23 Traditional Six Sigma Implementation- Who is Involved
Black Belts Project Leaders- Full-Time Commitment Senior Management Master Black Belts Technical Trainers, Mentors: Full-Time Commitment Champions and Leaders Provides direction, removes obstacles, reviews progress Green Belts Project Leaders- Part-Time Commitment

24 Six Sigma Information Flow

25 The Bad News: Six Sigma Program: Implementation Issues
Some of the facts: 80% of Six Sigma Implementations fail. Traditional Six Sigma implementations have largely been attempted at large Fortune 500 Companies due to the large investment in people, training and overall support. Training costs alone for a “wave” of 25 people can cost $250,000 for this 4 to 6 month training period. Training costs and personnel requirements can overwhelm many smaller organizations.

26 Need for Six Sigma & Lean
External - Satisfying Customers….. Quality, Warranty, and Cost Customers Require Six Sigma Customers Require Lean Manufacturing Competitors are implementing Lean & Six Sigma Staying in business

27 Need for Six Sigma & Lean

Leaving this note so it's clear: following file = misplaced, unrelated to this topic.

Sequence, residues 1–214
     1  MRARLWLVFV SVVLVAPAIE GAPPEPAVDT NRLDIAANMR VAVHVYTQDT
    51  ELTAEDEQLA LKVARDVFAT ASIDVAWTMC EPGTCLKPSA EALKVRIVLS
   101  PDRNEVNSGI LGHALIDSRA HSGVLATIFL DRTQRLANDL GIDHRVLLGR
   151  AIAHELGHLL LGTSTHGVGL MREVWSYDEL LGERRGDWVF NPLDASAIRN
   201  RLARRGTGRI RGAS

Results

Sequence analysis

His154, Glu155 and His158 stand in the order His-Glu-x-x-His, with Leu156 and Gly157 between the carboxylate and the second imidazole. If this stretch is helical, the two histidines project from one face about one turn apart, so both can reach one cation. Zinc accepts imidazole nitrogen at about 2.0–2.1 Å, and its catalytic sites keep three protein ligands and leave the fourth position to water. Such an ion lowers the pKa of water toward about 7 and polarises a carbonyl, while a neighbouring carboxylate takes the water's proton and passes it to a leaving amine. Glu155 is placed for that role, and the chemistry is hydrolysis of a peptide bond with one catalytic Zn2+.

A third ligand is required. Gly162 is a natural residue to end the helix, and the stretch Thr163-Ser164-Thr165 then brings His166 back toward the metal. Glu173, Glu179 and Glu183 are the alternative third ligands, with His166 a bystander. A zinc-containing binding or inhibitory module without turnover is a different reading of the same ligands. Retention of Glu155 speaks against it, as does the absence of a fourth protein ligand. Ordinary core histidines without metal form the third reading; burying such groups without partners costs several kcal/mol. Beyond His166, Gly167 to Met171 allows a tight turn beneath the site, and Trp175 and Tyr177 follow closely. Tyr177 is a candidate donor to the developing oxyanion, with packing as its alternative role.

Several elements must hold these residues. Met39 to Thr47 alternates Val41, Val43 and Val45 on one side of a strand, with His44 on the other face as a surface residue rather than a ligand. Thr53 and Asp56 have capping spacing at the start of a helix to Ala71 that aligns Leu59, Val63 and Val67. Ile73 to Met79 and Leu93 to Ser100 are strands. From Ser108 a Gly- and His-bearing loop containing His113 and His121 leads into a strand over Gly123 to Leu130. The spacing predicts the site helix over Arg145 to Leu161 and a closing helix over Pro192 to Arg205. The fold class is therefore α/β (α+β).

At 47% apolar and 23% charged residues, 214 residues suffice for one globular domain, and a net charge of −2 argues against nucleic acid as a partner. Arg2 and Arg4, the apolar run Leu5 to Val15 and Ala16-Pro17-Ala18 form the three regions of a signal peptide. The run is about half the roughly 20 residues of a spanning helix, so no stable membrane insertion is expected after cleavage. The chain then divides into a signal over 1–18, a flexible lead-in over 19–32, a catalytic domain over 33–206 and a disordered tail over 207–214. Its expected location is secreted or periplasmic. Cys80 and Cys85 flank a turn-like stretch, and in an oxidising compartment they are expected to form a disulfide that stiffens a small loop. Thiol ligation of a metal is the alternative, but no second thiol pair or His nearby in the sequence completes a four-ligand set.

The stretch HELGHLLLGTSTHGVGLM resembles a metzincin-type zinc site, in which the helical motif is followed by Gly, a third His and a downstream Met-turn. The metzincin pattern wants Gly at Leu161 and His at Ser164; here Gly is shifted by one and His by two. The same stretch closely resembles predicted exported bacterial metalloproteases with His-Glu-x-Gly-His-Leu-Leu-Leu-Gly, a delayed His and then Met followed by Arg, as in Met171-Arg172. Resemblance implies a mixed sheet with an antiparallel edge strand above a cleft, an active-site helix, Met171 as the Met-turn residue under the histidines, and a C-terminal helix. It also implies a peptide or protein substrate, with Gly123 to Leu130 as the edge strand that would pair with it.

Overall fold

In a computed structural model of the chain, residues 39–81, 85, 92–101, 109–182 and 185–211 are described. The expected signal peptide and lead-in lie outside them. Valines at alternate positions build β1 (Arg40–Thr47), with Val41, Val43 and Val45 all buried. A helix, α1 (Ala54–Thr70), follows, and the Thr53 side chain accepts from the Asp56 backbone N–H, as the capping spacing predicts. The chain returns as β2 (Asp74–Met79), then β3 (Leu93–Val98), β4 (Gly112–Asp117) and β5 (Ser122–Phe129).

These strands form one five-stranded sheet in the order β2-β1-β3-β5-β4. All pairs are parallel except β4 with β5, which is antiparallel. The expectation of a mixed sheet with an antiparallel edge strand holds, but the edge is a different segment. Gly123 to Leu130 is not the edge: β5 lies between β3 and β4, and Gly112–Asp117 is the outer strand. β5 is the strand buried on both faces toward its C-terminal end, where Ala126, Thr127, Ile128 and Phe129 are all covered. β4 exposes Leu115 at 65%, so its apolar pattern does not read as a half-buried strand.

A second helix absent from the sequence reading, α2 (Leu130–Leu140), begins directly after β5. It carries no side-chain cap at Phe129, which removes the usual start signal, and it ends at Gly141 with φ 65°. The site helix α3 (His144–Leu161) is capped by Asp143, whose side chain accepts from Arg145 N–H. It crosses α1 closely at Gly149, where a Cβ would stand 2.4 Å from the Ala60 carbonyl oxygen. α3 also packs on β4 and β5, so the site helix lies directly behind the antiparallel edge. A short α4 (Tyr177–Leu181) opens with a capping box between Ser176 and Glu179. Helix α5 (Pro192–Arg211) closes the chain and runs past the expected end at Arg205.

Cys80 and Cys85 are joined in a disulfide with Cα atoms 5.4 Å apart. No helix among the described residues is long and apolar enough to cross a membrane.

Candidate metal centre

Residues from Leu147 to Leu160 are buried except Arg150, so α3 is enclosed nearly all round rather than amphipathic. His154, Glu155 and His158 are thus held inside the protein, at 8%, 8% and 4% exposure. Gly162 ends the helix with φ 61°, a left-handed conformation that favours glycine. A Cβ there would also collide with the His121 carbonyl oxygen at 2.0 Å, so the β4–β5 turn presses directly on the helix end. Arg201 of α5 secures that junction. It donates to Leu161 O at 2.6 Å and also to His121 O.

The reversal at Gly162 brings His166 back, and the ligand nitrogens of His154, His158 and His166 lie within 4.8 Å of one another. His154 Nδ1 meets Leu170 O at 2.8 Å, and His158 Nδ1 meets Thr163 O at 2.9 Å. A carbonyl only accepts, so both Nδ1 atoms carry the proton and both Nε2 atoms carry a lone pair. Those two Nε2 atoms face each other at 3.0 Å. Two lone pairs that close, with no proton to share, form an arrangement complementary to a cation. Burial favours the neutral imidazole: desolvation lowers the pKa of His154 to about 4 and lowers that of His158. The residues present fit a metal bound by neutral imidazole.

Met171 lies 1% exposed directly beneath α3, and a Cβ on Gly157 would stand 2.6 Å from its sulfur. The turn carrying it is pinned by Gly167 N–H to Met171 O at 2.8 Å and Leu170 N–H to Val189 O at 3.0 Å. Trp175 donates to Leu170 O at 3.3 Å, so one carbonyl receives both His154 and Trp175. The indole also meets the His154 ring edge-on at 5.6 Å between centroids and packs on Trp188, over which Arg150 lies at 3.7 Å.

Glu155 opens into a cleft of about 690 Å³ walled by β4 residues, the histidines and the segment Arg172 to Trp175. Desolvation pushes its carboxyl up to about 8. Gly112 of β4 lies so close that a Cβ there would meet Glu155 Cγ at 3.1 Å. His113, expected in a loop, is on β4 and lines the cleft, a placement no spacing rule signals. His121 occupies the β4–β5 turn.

Internal - Improving Profitability through….. Operational Cost Reduction Improve Productivity Reduce Scrap and Rework Reduce Inventory & WIP Engineering Design Cost Reduction Define-Measure-Analyze-Design-Verify (DMADV) Stabilize & Quantify Process Capability Input for Product and Design Process

28 Lean Six Sigma Model

29 You Can Apply Six Sigma Techniques to Complement Existing Lean Capabilities
Lean Training & Implementation VSM Lean Techniques Six Sigma Analysis, Problem Solving & Training Waste Reduction Process variation Inventory Reduction & Control Supply Chain Management

30 Lean Six Sigma Implementation
Historical Implementation Problems Only Six Sigma or Lean Implemented - big $ savings but money left on the table Separate Six Sigma & Lean initiatives competing for best resources Difficulty in sustaining the gain

31 Lean Six Sigma Implementation
Some Solutions……. Need to implement in the correct order Policy deployment to align business objectives (Flow, Waste & Variation Reduction) Focus on shop floor results, not class room skills Experienced teachers & coaches Standardized work to institutionalize the gains